Where anti-Semitism is mainstream


In the Middle East, James von Brunn — the 88-year-old white supremacist who shot and killed a security guard last week at the U.S. Holocaust Memorial Museum in Washington — would represent mainstream public opinion, writes columnist Richard Cohen in the Washington Post:

To far more people than we would like to admit, the mystery of James W. von Brunn, the alleged shooter at the Holocaust Memorial Museum, is not that he held such weird and depraved views about Jews and the Holocaust, but that those views are considered weird and depraved. In vast parts of the Islamic world, too many people not only deny the Holocaust but embrace the thinking that made it possible.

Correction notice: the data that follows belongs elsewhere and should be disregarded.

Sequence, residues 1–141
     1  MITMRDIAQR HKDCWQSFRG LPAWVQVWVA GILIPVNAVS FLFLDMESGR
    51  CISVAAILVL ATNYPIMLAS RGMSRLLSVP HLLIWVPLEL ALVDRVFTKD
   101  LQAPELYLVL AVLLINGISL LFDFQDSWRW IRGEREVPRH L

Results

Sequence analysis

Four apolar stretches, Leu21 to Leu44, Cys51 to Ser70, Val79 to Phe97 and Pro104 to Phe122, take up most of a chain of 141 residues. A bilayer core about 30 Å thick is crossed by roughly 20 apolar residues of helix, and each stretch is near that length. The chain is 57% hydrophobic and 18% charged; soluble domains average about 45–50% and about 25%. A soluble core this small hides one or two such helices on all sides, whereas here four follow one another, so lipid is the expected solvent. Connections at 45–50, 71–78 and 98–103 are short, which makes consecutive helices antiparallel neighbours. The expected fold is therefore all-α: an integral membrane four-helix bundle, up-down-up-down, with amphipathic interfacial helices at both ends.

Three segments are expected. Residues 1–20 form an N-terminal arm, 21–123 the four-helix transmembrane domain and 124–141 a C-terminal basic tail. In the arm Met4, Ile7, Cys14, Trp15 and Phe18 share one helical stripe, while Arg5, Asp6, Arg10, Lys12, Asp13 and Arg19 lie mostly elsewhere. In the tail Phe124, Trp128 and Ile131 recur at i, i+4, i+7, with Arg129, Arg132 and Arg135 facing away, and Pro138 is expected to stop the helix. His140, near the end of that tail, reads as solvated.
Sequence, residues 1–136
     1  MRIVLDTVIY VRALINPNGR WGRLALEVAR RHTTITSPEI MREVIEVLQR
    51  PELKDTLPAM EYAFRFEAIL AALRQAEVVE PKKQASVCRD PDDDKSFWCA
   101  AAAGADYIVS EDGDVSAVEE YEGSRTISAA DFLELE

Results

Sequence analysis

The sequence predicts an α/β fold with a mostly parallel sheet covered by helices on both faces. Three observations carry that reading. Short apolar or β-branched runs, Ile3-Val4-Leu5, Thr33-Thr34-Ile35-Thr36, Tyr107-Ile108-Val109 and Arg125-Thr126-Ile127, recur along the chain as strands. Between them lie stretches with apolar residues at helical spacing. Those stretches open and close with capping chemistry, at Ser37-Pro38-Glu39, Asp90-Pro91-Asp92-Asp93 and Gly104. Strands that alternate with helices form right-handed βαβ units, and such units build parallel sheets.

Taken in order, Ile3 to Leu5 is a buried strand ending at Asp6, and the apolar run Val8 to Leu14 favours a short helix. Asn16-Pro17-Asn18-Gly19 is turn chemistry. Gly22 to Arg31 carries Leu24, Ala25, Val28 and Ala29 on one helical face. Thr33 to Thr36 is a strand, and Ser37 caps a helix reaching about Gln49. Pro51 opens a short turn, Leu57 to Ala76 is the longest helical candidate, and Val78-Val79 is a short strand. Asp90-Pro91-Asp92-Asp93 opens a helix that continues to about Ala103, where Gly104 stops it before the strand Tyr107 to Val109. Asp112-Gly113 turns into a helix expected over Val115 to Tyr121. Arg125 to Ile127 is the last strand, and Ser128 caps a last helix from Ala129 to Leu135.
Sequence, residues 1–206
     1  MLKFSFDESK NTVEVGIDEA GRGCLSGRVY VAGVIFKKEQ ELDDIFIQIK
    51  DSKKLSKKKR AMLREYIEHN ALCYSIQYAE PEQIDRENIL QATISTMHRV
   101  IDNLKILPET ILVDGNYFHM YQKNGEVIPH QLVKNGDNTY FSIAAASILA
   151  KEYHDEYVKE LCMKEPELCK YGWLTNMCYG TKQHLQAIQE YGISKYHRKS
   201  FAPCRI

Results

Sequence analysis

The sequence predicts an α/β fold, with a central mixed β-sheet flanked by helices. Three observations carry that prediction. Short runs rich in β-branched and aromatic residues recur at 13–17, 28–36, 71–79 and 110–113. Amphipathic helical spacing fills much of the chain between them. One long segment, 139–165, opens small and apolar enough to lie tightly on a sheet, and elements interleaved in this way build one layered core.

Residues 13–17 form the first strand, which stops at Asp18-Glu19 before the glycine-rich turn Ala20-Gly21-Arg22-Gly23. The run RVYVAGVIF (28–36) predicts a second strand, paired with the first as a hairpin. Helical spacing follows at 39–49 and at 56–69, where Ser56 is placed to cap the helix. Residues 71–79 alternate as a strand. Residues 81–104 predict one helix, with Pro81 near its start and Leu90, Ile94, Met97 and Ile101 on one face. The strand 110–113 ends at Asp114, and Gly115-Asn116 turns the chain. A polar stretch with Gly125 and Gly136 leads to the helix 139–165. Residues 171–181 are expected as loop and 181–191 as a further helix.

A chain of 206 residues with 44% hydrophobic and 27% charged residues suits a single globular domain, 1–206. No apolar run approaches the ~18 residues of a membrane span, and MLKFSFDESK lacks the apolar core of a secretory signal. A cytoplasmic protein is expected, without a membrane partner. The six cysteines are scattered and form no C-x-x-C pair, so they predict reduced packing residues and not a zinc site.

In his remarkable speech at Cairo University, President Obama only inferentially mentioned this aspect of what has become an ugly part of the Middle East: a tolerance for and advocacy of old-style anti-Semitism. There is, in fact, nothing that von Brunn professed that is not commonly heard or published in the Middle East. Do Jews control world finance, media, international organizations and the United States itself? Of course. Are they capable of the most foul deeds, including the infamous "blood libel," which means using the blood of non-Jewish children in the preparation of traditional foods? Again, of course.

Full column here.

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